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Dissecting the role of putative CD81 binding regions of E2 in mediating HCV entry: putative CD81 binding region 1 is not involved in CD81 binding.

Rothwangl KB, Manicassamy B, Uprichard SL, Rong L - Virol. J. (2008)

Bottom Line: Based on these characteristics, mutants either displayed wt characteristics (high infectivity [> or = 50% of wt HCVpp], CD81 binding, E1E2 expression, association, and incorporation into viral particles and proper conformation) or segregated into 4 distinct low infectivity (< or = 50% of wt HCVpp) mutant phenotypes: (I) CD81 binding deficient (despite wt E1E2 expression, incorporation and association and proper conformation); (II) CD81 binding competent, but lack of E1 detection on the viral particle, (despite adequate E1E2 expression in producer cell lysates and proper conformation); (III) CD81 binding competent, with adequate E1E2 expression, incorporation, association, and proper E2 conformation (i.e. no defect identified to explain the reduced infectivity observed); (IV) CD81 binding deficient due to disruption of E2 mutant protein conformation.Although most alanine substitutions within the putative CD81 binding region 1 (amino acids 474-492) displayed greatly reduced HCVpp infectivity, they retained soluble CD81 binding, proper E2 conformation, E1E2 association and incorporation into HCVpp suggesting that region 1 of E2 does not mediate binding to CD81.This region is highly conserved across genotypes, underlining its importance in mediating viral entry.

View Article: PubMed Central - HTML - PubMed

Affiliation: Department of Microbiology and Immunology, College of Medicine, University of Illinois at Chicago, Chicago, IL 60612, USA. Katharin@uic.edu

ABSTRACT

Background: Hepatitis C virus (HCV) encodes two transmembrane glycoproteins E1 and E2 which form a heterodimer. E1 is believed to mediate fusion while E2 has been shown to bind cellular receptors including CD81. In this study, alanine substitutions in E2 were generated within putative CD81 binding regions to define residues critical for viral entry. The effect of each mutation was tested by challenging susceptible cell lines with mutant HCV E1E2 pseudotyped viruses generated using a lentiviral system (HCVpp). In addition to assaying infectivity, producer cell expression and HCVpp incorporation of HCV E1 and E2 proteins, CD81 binding profiles, and E1E2 association of mutants were examined.

Results: Based on these characteristics, mutants either displayed wt characteristics (high infectivity [> or = 50% of wt HCVpp], CD81 binding, E1E2 expression, association, and incorporation into viral particles and proper conformation) or segregated into 4 distinct low infectivity (< or = 50% of wt HCVpp) mutant phenotypes: (I) CD81 binding deficient (despite wt E1E2 expression, incorporation and association and proper conformation); (II) CD81 binding competent, but lack of E1 detection on the viral particle, (despite adequate E1E2 expression in producer cell lysates and proper conformation); (III) CD81 binding competent, with adequate E1E2 expression, incorporation, association, and proper E2 conformation (i.e. no defect identified to explain the reduced infectivity observed); (IV) CD81 binding deficient due to disruption of E2 mutant protein conformation.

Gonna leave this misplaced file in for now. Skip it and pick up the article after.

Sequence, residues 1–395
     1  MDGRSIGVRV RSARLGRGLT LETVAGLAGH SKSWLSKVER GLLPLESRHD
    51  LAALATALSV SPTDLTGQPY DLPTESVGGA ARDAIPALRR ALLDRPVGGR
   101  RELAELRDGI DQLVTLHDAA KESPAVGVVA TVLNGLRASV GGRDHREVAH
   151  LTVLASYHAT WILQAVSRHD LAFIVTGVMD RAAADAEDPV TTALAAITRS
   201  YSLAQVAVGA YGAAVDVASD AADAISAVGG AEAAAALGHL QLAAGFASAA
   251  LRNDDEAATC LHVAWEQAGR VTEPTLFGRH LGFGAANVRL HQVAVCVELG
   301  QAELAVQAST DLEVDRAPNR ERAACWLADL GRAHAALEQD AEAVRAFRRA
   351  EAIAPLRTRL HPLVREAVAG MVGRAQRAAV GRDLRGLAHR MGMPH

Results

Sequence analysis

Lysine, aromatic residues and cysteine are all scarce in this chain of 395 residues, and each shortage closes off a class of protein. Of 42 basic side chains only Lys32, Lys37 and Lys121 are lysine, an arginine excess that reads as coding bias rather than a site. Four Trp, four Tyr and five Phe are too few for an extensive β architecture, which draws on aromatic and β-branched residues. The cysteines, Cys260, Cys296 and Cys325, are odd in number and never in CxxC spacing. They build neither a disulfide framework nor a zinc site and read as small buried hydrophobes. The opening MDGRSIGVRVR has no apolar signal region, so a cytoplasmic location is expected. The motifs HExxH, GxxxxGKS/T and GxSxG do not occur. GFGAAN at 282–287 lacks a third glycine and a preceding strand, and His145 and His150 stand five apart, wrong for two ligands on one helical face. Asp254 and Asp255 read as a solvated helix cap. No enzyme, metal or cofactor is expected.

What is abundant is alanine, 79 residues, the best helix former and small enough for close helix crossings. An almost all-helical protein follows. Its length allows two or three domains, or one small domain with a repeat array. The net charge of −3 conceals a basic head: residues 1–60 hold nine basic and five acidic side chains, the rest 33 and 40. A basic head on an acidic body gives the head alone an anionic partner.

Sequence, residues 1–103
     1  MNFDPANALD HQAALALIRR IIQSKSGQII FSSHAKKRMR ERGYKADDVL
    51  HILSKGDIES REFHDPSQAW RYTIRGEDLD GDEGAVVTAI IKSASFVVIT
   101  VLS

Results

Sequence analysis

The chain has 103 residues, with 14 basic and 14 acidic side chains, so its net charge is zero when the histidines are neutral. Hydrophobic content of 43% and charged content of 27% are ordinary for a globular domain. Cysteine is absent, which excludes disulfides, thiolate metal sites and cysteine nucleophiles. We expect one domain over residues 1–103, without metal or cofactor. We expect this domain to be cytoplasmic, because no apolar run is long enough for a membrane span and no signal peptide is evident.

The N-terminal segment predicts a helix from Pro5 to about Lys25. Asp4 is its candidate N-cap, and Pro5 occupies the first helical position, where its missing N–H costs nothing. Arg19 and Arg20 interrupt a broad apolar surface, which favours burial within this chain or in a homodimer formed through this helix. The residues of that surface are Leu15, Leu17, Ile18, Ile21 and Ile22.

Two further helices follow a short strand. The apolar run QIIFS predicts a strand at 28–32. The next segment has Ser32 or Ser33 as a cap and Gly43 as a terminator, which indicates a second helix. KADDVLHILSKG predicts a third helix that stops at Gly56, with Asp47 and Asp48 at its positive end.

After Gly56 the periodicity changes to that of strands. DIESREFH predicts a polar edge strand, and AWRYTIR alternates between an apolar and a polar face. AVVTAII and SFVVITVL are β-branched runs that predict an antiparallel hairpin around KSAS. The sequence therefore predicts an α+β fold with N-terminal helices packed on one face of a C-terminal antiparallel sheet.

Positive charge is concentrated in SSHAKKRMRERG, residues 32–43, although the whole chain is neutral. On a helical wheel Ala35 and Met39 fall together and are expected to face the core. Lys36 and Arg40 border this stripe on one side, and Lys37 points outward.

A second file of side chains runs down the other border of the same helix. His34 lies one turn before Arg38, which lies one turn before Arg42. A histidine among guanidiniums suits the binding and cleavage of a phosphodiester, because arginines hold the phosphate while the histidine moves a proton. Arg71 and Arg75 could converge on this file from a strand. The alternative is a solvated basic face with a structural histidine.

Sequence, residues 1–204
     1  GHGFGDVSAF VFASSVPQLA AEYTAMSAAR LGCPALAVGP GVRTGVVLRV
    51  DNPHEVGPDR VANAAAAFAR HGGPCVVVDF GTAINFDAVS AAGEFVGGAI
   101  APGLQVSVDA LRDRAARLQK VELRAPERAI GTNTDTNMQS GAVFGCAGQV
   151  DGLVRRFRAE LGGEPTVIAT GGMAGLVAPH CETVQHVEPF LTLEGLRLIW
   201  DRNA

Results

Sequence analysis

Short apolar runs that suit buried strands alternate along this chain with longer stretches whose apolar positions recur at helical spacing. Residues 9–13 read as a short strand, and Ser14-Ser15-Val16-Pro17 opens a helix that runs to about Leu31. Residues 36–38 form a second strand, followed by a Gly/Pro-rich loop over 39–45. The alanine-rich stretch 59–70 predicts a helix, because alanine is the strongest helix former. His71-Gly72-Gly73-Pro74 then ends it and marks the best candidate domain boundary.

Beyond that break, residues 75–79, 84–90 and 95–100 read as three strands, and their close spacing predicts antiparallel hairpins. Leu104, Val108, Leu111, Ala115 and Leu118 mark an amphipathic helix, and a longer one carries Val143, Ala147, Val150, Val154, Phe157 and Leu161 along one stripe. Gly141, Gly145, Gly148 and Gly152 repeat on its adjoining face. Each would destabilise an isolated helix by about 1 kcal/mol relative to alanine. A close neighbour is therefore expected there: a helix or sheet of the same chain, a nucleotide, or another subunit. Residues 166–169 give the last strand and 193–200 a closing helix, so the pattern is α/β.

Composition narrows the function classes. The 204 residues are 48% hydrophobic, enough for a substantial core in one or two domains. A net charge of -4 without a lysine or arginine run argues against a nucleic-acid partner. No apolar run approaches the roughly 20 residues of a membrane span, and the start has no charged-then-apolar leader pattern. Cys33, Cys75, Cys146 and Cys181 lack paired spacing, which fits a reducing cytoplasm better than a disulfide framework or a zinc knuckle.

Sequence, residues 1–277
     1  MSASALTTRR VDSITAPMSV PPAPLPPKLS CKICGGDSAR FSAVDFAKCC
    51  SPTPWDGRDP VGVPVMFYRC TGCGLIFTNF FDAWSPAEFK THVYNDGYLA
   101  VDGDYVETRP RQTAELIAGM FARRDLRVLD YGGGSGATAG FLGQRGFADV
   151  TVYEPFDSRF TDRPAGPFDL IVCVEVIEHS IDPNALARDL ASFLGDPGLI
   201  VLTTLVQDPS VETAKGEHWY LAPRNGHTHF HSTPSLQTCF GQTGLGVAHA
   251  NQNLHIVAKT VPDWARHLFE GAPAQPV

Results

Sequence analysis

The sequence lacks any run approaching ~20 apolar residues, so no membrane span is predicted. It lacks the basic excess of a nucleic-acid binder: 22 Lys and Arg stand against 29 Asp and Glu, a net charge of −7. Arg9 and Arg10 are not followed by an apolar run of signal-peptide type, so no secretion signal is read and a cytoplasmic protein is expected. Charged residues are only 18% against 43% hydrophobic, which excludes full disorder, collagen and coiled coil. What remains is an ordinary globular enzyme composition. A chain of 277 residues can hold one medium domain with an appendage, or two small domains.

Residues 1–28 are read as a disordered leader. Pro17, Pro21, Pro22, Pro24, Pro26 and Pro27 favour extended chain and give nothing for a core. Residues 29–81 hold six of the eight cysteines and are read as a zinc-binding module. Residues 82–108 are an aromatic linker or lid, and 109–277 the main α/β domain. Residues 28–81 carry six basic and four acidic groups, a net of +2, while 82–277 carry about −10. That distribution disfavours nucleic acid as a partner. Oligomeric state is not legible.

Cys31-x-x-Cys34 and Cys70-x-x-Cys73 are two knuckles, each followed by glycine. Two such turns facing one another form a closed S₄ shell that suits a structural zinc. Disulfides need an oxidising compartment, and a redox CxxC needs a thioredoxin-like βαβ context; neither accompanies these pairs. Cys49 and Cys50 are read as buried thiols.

Conclusion: Although most alanine substitutions within the putative CD81 binding region 1 (amino acids 474-492) displayed greatly reduced HCVpp infectivity, they retained soluble CD81 binding, proper E2 conformation, E1E2 association and incorporation into HCVpp suggesting that region 1 of E2 does not mediate binding to CD81. In contrast, conformationally correct E2 mutants (Y527 and W529) within the second putative CD81 binding region (amino acids 522-551) disrupted binding of E2 to CD81-GST, suggesting that region 2 is critical to CD81 binding. Likewise, all conformationally intact mutants within the third putative CD81 binding region (amino acids 612-619), except L615A, were important for E2 binding to CD81-GST. This region is highly conserved across genotypes, underlining its importance in mediating viral entry.

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Alanine substitutions within putative CD81 binding regions dramatically affect HCVpp entry. 293T cells were cotransfected with the HIV-luc packaging vector along with HCV E1E2 mutant expression plasmids. HCVpp was harvested at 24 h post-transfection and used to infect susceptible cell lines (A) Huh7 and (B) Hep3B. Infectivity was measured 72 h pi using a luciferase reporter assay. Infectivity of each mutant is expressed as a percentage of the infectivity observed for the wild-type (wt) H77 HCV E1E2. Values shown are the mean and standard error for a minimum of three assays.
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Figure 2: Alanine substitutions within putative CD81 binding regions dramatically affect HCVpp entry. 293T cells were cotransfected with the HIV-luc packaging vector along with HCV E1E2 mutant expression plasmids. HCVpp was harvested at 24 h post-transfection and used to infect susceptible cell lines (A) Huh7 and (B) Hep3B. Infectivity was measured 72 h pi using a luciferase reporter assay. Infectivity of each mutant is expressed as a percentage of the infectivity observed for the wild-type (wt) H77 HCV E1E2. Values shown are the mean and standard error for a minimum of three assays.